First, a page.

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5 Lessons Social Psychology Has Taught Us About The Human Mind

Conformity, aggression, prejudice, love – what is at the basis of these powerful experiences?

It’s difficult not to be fascinated by psychology. Every one of us is driven by it, and the very same biological mechanisms that give rise to fear and hate are the same that enable us to show love and selflessness.

Here, we highlight five incredible life lessons that we can learn from the study of social psychology.

 

1.  We’re not great at understanding each other

One of the most important discoveries that social psychology has made is that none of us are natural psychologists. Understanding how people are feeling, and why they do the things they do, is actually really difficult. This has implications on the field of psychology, but more broadly, on the way we treat each other every day.

A famous Ross, Greene and House study on false consensus showed that individuals have a cognitive bias towards believing that the majority of others behave the same way that they do. This leads to the belief that people who disagree with us must have more extreme personality traits or, to put it bluntly, something wrong with them – a fact that illustrates the importance of social psychology studies.

 

2. Groups are crucial to our identities

The idea that we define ourselves by the groups we align ourselves with is nothing new. However, a groundbreaking study by Tajfel et al in 1971 discovered that individuals will associate themselves with a group, and work to the benefit of that group, even when they don’t know who the other group members are or what they are like. Tejfal showed that, in order to perceive themselves as high status, individuals will actively work to create a group that represents low status. This contrast is integral to our sense of self, and thus, our behaviour.

 

3.  Behaviour is mostly nurture, not nature

The Bobo Doll experiment is one of social psychology’s most noteworthy studies. In 1961, Dr. Albert Bandura conducted a series of experiments to analyse what impact observation had on behaviour and learning. He selected groups of young children from a class and exposed one group to a video of an adult being violent towards a children’s bouncy doll and another being neutral towards it. He then introduced the children to the doll in an isolated environment.

The children that were primed with an aggressive video were overwhelming more violent towards the Bobo Doll than the children who weren’t. This showed that behaviour, at least in children, can be driven by perceived behaviour in others.

 

4.  The things we think about affect our choices

We tend to think that our personalities inform our behaviours and that these stay mostly the same from day to day, hour to hour. In reality, the things we are thinking about at any given time can have a dramatic impact on the choices we make. A classic study from Darley & Batson confirmed this hypothesis in 1973 with their ‘Good Samaritan’ experiment.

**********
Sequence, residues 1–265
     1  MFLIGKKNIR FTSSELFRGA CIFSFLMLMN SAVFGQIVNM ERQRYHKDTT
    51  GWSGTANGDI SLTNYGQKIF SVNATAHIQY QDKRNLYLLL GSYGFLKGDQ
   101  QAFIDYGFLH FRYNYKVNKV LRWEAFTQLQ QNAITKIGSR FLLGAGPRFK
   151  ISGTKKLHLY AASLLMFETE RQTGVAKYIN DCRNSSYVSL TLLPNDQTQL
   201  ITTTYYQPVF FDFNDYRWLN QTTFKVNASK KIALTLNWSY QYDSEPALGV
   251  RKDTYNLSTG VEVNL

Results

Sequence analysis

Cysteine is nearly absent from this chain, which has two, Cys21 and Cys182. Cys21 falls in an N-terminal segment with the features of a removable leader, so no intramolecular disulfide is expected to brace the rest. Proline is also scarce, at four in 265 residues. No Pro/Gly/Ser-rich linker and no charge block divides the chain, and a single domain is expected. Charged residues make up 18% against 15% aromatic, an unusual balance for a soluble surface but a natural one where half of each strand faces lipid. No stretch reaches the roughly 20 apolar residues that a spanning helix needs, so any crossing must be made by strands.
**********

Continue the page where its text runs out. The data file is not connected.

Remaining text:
In order to test altruistic behaviour, Darley and Baston created a few different groups of test participants and told them to walk between two university buildings. The first was composed of people who were asked to deliver a speech about helping others, whilst the second was told they were under a great deal of time pressure to get from one building to another. Between the two buildings, however, the researchers placed an injured man.

They found that those people who were told to rush were almost three times less likely to stop and help than the control group. Moreover, the people asked to deliver a speech about helping others were more than twice as likely to stop as people who weren’t. With this experiment, Darley and Baston proved that our choices can be heavily influenced by surrounding factors, despite how permanent we may believe our personalities to be.

 

5.  We only need one thing for a healthy life

In 1939, Harvard University began two very special studies that had a deep impact on the social psychology field. The Grant study and the Glueck study were longitudinal experiments designed to test how psychological and emotional states affect physical health later in life. They studied a total of 726 men over 75 years to find out how a variety of variables impacted their health. The conclusion? One variable stood out above all else:

"The clearest message that we get from this 75-year study is this: good relationships keep us happier and healthier. Period."

This quote from Robert Waldinger, the current director of the project, sums up one of the most profound social psychology studies ever created – that the biggest factor in determining a healthy mind and body is love.

 

Broaden your mind. Study Social Psychology with us. 

Interested in exploring more social psychology? The Biological and Social Psychology module on our distance learning Psychology MSc considers the human as a social being, exploring some of the most renowned studies regarding issues such as conformity, prejudice and interpersonal relationships.

To learn more about our online conversion course, click here.

 

 


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